DGCA instructs airlines to be wary of locust invasions
The Directorate General of Civil Aviation (DGCA) warned on Friday that swarms of locusts could pose serious danger to flights during take-off and landing.
“Generally, locusts are found at lower levels and therefore pose a threat to aircraft in the critical landing and take-off phase of the flight,” the aviation regulator noted in its circular. “Almost all air intake ports of the aircraft will be prone to ingestion in large numbers, if the aircraft flies through a swarm.”
The circular said that though a single locust is small in size, the pilot’s forward vision can be impeded if large numbers of the insects land on the windshield. “This is a grave concern during landing, taxi and take-off phase. Use of wipers may sometimes spread the smear even more.”
The circular said air traffic controllers, when aware of the presence of locusts nearby, should immediately inform all arriving and departing flights.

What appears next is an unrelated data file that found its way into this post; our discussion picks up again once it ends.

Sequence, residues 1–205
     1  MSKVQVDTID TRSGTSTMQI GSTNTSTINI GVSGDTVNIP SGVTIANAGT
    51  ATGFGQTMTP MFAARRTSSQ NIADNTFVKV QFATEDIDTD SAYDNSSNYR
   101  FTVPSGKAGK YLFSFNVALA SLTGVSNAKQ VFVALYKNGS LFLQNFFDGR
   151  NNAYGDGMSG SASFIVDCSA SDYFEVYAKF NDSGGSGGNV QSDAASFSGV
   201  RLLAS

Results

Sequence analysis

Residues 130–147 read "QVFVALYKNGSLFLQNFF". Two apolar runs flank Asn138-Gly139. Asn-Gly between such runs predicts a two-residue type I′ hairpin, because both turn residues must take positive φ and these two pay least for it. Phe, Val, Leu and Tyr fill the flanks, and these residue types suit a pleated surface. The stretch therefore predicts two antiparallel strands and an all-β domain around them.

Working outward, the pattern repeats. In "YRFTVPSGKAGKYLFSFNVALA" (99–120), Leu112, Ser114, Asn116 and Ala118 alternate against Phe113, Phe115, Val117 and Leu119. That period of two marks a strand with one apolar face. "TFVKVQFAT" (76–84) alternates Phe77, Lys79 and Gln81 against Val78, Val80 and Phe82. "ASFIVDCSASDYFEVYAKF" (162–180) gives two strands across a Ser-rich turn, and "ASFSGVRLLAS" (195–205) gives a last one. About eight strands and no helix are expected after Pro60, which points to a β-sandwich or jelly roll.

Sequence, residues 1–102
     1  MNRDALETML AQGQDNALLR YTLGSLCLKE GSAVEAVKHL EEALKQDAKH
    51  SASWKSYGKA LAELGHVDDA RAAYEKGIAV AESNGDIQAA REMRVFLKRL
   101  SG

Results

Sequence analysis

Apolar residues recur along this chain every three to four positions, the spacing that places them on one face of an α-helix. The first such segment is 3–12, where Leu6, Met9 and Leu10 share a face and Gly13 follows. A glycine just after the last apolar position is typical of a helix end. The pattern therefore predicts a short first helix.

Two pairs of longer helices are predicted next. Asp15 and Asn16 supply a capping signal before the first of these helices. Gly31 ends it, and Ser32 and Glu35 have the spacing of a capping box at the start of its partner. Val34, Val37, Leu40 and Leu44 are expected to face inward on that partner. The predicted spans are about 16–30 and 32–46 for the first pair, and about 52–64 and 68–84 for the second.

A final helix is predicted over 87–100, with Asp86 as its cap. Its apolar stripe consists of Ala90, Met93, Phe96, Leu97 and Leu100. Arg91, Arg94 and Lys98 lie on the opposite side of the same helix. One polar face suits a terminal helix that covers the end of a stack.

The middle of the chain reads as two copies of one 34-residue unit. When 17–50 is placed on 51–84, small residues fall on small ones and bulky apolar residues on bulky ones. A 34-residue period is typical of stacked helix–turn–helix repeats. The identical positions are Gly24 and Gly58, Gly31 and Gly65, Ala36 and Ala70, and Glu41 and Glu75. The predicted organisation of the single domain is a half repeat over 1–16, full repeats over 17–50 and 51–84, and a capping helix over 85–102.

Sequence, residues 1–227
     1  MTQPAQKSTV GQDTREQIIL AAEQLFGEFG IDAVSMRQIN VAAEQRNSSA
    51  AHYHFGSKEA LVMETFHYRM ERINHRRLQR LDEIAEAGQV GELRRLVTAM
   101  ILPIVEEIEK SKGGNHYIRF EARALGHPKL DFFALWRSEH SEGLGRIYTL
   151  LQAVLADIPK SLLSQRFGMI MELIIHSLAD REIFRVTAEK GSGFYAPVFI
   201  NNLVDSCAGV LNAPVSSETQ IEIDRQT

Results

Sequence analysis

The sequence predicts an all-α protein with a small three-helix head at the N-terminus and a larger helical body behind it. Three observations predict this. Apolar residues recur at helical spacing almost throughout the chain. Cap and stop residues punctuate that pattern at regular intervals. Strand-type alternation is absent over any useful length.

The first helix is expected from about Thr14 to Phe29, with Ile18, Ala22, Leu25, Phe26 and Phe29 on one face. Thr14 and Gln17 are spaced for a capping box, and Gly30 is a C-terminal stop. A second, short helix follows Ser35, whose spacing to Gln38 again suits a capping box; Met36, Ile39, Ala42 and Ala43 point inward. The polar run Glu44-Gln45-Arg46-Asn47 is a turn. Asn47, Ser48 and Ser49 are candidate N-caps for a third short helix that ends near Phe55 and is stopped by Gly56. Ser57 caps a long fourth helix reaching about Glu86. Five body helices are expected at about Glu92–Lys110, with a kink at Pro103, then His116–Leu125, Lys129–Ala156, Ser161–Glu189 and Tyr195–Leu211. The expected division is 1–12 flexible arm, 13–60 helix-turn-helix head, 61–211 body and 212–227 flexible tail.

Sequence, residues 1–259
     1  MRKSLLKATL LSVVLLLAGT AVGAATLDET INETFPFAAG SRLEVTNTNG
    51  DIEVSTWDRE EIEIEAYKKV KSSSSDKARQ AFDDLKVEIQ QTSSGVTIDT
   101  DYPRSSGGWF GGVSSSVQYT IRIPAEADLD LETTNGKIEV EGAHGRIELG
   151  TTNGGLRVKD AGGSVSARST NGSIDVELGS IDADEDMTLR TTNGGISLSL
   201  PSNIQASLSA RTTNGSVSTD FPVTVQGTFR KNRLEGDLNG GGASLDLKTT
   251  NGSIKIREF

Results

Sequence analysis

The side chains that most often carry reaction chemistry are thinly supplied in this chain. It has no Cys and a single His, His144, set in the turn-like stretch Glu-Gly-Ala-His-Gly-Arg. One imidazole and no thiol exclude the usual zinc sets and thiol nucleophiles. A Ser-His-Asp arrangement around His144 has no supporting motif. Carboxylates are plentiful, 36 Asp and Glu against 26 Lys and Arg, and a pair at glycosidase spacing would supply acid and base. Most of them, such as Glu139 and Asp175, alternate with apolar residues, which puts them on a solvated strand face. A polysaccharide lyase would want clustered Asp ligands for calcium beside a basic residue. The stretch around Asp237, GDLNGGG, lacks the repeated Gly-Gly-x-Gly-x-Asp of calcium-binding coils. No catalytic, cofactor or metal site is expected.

The aviation regulator urged airlines to not fly during a locust invasion as far as possible. “The only favourable aspect is that locust do not fly at night, thus providing better opportunity to sight and avoid them,” the note said.
This year has seen the worst locust attack in India in decades as they are spearing into many states like Punjab, Maharashtra and Uttar Pradesh after destroying crops in Rajasthan, Gujarat, Madhya Pradesh and Haryana.
Locust containment measures and sprinkling operations have been conducted in 303 locations spread over more than 47,000 hectares.